It’s a circuitous route to the mill. For more than 30 years, James Brown immersed himself in the world of early music, beginning with his studies in organ and conducting at the University of Houston. As an accomplished violist de gamba and conductor, he performed regularly around the country. He started the St. Cecilia Music Series in 2002, bringing in the most renowned early music virtuosos to the city of Austin for 16 years straight. He created the series to introduce patrons to the music between the eras, most of it long forgotten—the most beautiful music you’ve never heard, as he likes to explain it.
And then one day, he went to make some bread. (Let’s back up to say that James has a culinary degree from the Art Institute in Houston, received prior to first picking up a viola de gamba, and he worked the line in multiple professional kitchens.)
So back to that day in 2016: James went to make some bread and, as God would say, it was good. He loved it. His wife loved it. Perhaps more importantly, he loved the process of making it. The science of it, the non-science of it, the feel, the smell. One day of baking became two, became every weekend, and then every week, until it was a veritable crises of the loaves and fishes, mitigated only by scores of friends graciously willing to relocate his bumper crop of bread into their own homes, cultured butter not included.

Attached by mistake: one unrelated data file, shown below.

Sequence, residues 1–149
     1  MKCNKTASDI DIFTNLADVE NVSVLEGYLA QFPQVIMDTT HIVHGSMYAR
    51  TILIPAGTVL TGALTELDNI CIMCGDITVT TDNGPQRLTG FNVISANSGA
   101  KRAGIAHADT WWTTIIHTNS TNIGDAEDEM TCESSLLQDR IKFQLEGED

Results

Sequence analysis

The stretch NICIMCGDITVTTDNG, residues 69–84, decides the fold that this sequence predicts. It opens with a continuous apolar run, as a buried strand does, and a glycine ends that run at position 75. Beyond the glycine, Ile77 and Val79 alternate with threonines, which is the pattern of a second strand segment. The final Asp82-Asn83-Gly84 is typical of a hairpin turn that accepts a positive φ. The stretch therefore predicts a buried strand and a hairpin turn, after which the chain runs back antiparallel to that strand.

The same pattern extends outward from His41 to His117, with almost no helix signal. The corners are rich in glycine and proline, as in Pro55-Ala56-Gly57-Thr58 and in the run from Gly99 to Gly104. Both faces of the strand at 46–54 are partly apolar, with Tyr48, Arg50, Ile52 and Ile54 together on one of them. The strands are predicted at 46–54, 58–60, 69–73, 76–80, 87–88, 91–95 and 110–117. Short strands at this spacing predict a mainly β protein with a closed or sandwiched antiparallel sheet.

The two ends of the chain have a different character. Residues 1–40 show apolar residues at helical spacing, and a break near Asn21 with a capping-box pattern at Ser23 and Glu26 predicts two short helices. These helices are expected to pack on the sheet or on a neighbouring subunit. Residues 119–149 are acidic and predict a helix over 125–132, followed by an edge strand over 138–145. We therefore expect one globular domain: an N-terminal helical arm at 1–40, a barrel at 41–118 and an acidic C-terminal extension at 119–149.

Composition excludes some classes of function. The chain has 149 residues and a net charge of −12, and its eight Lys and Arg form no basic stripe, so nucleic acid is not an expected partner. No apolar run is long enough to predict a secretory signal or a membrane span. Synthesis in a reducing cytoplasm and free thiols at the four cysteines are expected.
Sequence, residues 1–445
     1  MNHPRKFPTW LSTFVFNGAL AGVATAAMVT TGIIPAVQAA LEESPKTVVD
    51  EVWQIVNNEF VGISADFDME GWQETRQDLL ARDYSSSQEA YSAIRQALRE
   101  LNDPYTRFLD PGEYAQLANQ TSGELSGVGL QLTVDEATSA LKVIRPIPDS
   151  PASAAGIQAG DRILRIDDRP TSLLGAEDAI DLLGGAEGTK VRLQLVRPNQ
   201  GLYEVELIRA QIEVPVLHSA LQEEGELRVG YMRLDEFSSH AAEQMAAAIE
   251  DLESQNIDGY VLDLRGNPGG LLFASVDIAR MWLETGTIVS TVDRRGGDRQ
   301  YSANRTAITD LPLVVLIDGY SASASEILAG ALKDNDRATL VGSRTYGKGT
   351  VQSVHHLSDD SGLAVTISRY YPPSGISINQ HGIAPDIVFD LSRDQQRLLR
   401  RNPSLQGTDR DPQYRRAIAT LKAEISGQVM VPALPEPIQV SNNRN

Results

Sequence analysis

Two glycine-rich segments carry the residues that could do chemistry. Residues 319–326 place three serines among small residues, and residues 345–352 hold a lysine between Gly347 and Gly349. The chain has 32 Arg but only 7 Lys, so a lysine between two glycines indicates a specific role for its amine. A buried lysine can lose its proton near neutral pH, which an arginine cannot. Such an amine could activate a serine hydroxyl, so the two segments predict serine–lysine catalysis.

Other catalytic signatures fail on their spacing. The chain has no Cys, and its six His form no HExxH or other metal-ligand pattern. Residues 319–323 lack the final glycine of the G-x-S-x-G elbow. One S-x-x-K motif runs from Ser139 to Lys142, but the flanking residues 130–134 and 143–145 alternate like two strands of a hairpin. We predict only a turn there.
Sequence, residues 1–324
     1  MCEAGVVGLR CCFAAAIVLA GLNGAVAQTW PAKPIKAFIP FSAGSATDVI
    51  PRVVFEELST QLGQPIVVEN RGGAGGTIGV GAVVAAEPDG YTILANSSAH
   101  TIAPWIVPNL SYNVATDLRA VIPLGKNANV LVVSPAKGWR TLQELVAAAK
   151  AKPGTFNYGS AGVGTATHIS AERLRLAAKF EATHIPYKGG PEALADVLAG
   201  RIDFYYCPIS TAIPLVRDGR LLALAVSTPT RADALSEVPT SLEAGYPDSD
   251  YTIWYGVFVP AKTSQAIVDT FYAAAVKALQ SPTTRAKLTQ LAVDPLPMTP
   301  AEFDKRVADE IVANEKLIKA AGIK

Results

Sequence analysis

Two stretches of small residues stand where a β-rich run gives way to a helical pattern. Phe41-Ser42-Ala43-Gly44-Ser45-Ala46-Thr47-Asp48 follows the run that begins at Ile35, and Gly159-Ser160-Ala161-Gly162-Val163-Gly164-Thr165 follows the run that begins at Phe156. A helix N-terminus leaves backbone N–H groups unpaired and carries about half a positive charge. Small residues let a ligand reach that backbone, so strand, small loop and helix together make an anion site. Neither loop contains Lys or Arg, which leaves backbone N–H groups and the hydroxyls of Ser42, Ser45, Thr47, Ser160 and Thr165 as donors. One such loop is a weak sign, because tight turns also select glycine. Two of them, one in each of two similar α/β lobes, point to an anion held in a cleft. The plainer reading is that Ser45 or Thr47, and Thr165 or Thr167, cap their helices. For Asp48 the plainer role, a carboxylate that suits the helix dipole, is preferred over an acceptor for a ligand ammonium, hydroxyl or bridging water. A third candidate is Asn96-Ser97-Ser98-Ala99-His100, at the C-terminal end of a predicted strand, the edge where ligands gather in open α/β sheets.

His bread was as good as it could get, but it still wasn’t as good as David Norman’s pain au levain that he always ordered from Easy Tiger or Don Guerra’s Barrio Bread that he first tasted on a trip to Tucson. James had the right sourdough starter. The proper Dutch oven. Even baking temperature. Filtered water. But what is bread if not flour, and nothing could make up for the store-bought options he was using from the supermarket shelf.
When he went to find freshly milled wheats and grains, he discovered many great sources—now mentors—like Grist & Toll in California, and Hayden Flour Mills in Arizona. He also learned that the great state of Texas, even with its 130 million acres of farmland, had not made room for organically grown landrace grains. James, however, needed some flour, and he wanted it from the area, and he just didn’t think that was too much to ask.
So in June 2016, James Brown sold his beloved violas de gamba to buy a mill and a banjo, which he’s learning quite well. He met farmers, collected seeds, learned about growing seasons and rain and drought and pests. He came to understand the toll of humidity, cross-pollination, and broken fork lifts on a deeply personal level. Ancient music, now ancient grains—none of it easy, much to be learned, all to be gained.
Barton Springs Mill now sells to chefs, bakers, distillers, brewers, and home enthusiasts, with a singular goal of making each bite just a little better than it might have been otherwise. Barton Springs Mill has recently broken ground on a new 17,000 square foot facility in Dripping Springs, where James and his wife Valerie will live above the mill and heritage oak trees.